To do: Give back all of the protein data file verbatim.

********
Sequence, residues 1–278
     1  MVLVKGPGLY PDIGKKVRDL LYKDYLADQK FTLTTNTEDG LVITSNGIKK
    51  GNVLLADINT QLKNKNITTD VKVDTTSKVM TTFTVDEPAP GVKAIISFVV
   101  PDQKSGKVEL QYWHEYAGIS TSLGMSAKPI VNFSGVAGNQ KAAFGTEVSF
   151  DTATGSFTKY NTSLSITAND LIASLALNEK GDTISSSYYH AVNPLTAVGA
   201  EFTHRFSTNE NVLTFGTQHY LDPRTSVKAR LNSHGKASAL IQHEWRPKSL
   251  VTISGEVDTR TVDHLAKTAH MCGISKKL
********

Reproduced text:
Sequence, residues 1–278
     1  MVLVKGPGLY PDIGKKVRDL LYKDYLADQK FTLTTNTEDG LVITSNGIKK
    51  GNVLLADINT QLKNKNITTD VKVDTTSKVM TTFTVDEPAP GVKAIISFVV
   101  PDQKSGKVEL QYWHEYAGIS TSLGMSAKPI VNFSGVAGNQ KAAFGTEVSF
   151  DTATGSFTKY NTSLSITAND LIASLALNEK GDTISSSYYH AVNPLTAVGA
   201  EFTHRFSTNE NVLTFGTQHY LDPRTSVKAR LNSHGKASAL IQHEWRPKSL
   251  VTISGEVDTR TVDHLAKTAH MCGISKKL